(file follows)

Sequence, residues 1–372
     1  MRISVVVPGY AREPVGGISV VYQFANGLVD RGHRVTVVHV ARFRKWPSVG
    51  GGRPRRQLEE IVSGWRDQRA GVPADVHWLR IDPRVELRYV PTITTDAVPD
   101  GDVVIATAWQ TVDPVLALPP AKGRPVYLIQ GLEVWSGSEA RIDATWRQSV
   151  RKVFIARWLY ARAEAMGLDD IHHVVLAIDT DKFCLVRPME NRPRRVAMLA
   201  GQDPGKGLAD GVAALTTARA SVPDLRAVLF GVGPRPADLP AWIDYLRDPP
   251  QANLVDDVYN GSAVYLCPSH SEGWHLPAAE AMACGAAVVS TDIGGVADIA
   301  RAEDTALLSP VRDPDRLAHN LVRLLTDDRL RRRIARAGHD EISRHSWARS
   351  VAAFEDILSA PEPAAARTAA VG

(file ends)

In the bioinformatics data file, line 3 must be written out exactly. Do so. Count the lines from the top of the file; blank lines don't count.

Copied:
    51  GGRPRRQLEE IVSGWRDQRA GVPADVHWLR IDPRVELRYV PTITTDAVPD